Appropriate treatment will vary greatly depending on the underlying cause of spinal cord problems. Mild cases have the potential to be cured, while severe disorders may only be treated with supportive nursing care to the cat.
If bacterial infections are present in the cat, or of surgery has been performed, antibiotics will be prescribed to remove all harmful bacteria in the body. Prescriptions generally last from one to four weeks.
If fungal infection has been identified in the cat, antifungal medication can help to rid the body of the attacking fungi.
Antitoxins If tetanus is found to be the underlying cause of spinal cord issues, antitoxins can be administered in the early stages to effectively treat the disease.
A combination of immunosuppressive medications may be administered for an extended period of time to kill cancer cells in the body. This is often paired with the surgical removal of larger cancerous masses.
If excessive amounts of vitamin A from consuming too much liver have caused a spinal cord disorder, your vet may create a specialized diet to help with the issue. These diets can prevent further spinal cord damage but cannot reverse damage that has already occurred.
A cat suffering from fractured vertebrae can derive benefit from certain drug therapy if it is administered quickly.
Surgery may be necessary to properly realign the spine if it has been fractured. General anesthesia is required for this high risk surgery.
If cancer is present, surgery may be needed to remove tumors causing spinal cord damage. If the tumors are located inside of the cord, it is considered inoperable, however, if the tumors are located on the outside, prognosis improves. If the tumor is in an optimal location, full excision is possible.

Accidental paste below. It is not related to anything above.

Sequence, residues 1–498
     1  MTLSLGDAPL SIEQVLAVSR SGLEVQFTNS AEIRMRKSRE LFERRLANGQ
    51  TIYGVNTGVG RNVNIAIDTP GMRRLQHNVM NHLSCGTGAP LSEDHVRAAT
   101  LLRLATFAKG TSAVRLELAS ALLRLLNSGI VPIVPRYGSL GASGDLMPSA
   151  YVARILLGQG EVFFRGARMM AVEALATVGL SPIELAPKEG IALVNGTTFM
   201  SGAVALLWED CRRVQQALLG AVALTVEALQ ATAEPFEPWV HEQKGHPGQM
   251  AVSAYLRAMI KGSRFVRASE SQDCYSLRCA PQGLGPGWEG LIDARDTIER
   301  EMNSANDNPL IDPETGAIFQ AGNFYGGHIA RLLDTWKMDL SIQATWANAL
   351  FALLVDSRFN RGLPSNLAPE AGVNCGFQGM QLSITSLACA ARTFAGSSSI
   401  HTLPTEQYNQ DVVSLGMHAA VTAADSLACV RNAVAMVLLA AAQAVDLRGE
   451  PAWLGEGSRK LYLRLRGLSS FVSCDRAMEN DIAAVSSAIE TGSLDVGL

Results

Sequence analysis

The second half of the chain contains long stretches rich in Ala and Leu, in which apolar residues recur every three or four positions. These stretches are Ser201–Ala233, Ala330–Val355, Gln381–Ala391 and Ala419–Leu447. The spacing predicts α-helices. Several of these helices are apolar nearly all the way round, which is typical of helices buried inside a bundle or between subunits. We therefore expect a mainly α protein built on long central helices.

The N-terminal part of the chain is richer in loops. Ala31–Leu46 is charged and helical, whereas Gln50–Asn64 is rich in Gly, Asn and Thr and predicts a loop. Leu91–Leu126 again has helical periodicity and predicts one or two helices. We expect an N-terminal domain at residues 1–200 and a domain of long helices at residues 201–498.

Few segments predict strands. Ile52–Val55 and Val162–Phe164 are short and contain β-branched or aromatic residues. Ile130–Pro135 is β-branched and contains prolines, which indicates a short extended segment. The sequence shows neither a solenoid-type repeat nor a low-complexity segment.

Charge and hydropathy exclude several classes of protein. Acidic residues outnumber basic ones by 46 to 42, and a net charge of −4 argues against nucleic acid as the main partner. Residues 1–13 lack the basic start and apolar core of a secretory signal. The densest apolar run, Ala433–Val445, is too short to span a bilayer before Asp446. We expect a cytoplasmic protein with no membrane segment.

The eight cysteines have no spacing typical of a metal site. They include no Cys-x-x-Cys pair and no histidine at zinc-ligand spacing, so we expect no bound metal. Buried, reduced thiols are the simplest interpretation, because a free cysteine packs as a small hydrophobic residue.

Recovery of Spinal Cord Disorders in Cats
If the cat has undergone spinal surgery, it will need to be confined to a crate or cage for four to six weeks. Remove all possible inducers of stress to the cat. Monitor the incision site closely for signs of infection. If the spinal cord disorder produces incontinence in the cat, it is generally not reversible. Moving the litter box beside your cat’s bed may help with the issue.
If all feeling below the affected portion of the spinal cord has been lost, significant damage has happened to the nerves and the outlook is not positive. If respiratory paralysis occurs, the cat will die. In most severe cases of spinal cord disorder, overall prognosis is poor. If the cat is diagnosed with feline infectious peritonitis, euthanasia may be required, as there is no cure. Very mild spinal cord issues have the potential to be cured or, at the very least, prove to be manageable throughout the cat’s life.
Spinal Cord Disorders Questions and Advice from Veterinary Professionals
I have a 4 year old female tabby cat who has been losing weight for some time and was found to have bad teeth which necessitated removal of some of these teeth. However when she was getting pre-op blood work she was found to have isolated anemia. Treatment with iron and doxycycline empirically for mycoplasma didn’t help much (Hb only improved to 8 from 7) and she has since developed worsening ataxia and urinary incontinence (which she seems unaware of). The vet has mentioned the differential which seems mostly grim but I was hoping for a second opinion...I’m not really able to afford a battery of testing at the moment sadly, and the vet offered that all the testing in the world might not give a diagnosis still. Any help is appreciated